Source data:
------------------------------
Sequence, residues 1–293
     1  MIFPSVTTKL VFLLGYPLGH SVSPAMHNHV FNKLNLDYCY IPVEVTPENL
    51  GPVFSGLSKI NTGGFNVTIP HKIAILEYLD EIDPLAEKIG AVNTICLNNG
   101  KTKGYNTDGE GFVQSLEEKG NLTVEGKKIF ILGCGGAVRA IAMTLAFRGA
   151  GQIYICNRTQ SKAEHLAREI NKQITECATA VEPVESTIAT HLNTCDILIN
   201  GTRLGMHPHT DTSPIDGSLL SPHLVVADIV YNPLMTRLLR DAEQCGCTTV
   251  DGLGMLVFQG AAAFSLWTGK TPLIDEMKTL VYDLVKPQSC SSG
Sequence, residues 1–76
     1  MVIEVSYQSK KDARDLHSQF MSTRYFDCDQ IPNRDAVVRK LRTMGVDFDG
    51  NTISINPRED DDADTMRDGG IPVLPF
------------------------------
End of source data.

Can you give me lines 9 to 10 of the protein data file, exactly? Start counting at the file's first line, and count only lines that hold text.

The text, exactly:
     1  MVIEVSYQSK KDARDLHSQF MSTRYFDCDQ IPNRDAVVRK LRTMGVDFDG
    51  NTISINPRED DDADTMRDGG IPVLPF